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A group challenging Donald Trump's dual roles as president and businessman will have its day in court tomorrow. A federal judge in Manhattan hears preliminary arguments. It's 1 of 3 lawsuits that accuse the president of violating the Constitution. NPR's Peter Overby reports.
PETER OVERBY, BYLINE: It was January 20 when President Trump took the oath of office.
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PRESIDENT DONALD TRUMP: Preserve, protect and defend...
JOHN ROBERTS: The Constitution of the United States.
TRUMP: ...The Constitution of the United States.
OVERBY: Three days later, a group called Citizens for Responsibility and Ethics in Washington, or CREW, sued him for violating the Foreign Emoluments Clause of the Constitution.
NOAH BOOKBINDER: This is a pretty big deal.
OVERBY: Noah Bookbinder is CREW's executive director.
BOOKBINDER: It's the first time that a court is going to be hearing arguments about the Emoluments Clause, what an emolument is, what the president actually is prohibited from doing under the Constitution.
OVERBY: Emoluments were a quiet little corner of constitutional law right up until President Trump took office while holding onto his sprawling business empire. The big question tomorrow is legal standing. Do CREW and its co-plaintiffs have legal interests that justify taking Trump to court? They say they do. The plaintiffs include several hotels and restaurants in New York City, an association of restaurants and restaurant workers and an events booker in Washington, D.C. They say they've lost business to Trump establishments, a claim that the Justice Department argues against. If the plaintiffs win on the standing question...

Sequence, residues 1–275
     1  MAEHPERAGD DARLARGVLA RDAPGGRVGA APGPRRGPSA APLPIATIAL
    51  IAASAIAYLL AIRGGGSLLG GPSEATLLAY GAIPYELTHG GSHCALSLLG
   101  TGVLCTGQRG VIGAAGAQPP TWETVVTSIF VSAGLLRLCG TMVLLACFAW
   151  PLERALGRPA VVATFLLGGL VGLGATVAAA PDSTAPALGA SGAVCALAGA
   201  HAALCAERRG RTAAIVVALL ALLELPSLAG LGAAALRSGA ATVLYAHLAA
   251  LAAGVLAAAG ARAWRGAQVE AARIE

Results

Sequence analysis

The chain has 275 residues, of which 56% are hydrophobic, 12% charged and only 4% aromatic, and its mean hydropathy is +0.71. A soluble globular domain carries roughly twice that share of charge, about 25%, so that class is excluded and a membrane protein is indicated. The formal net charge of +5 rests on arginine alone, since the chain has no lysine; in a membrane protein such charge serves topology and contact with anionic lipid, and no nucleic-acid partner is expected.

BOOKBINDER: The next phase of the case would be discovery.
OVERBY: Bookbinder says they'd want the Trump organization to turn over documents.
BOOKBINDER: Business records for the Trump companies and other relevant documents, potentially including tax returns that'll tell us what foreign government payments and what state government payments the president's companies may be receiving in violation of the Constitution.
OVERBY: Then there's the definition of emolument. CREW asserts a broad one and cites dictionaries in use at the time the Constitution was drafted. DOJ uses a narrower definition, just as Trump's lawyer Sheri Dillon did last January.
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SHERI DILLON: No one would have thought when the Constitution was written that paying your hotel bill was an emolument. Instead, it would have been thought of as a value-for-value exchange, not a gift, not a title and not an emolument.
OVERBY: These questions seem to be wide open. There aren't many legal precedents.
SAIKRISHNA PRAKASH: I definitely have the view that no one has standing to bring an Emoluments Clause challenge.
OVERBY: Sai Prakash teaches constitutional law at the University of Virginia Law School. He says emoluments are for Congress to consider. His view of the lawsuit...
PRAKASH: Well, I think it's become a vehicle for some people's frustrations with the president's continuing to, you know, have active businesses while serving as president.
OVERBY: Jennifer Taub is a law professor at Vermont Law School. Last winter, she helped organize a campaign calling on Trump to disclose his tax returns. She said that if this case fails, it would set a terrible precedent.
JENNIFER TAUB: We cannot have a representative democracy if the president takes office with the purpose of personal gain and, you know, essentially influence peddling.
OVERBY: More immediately, failure would be a bad omen for those other two emolument suits - one filed by Democrats in Congress, the other by the attorneys general in Maryland and the District of Columbia. They're still working their way through the legal pipeline. Peter Overby, NPR News.
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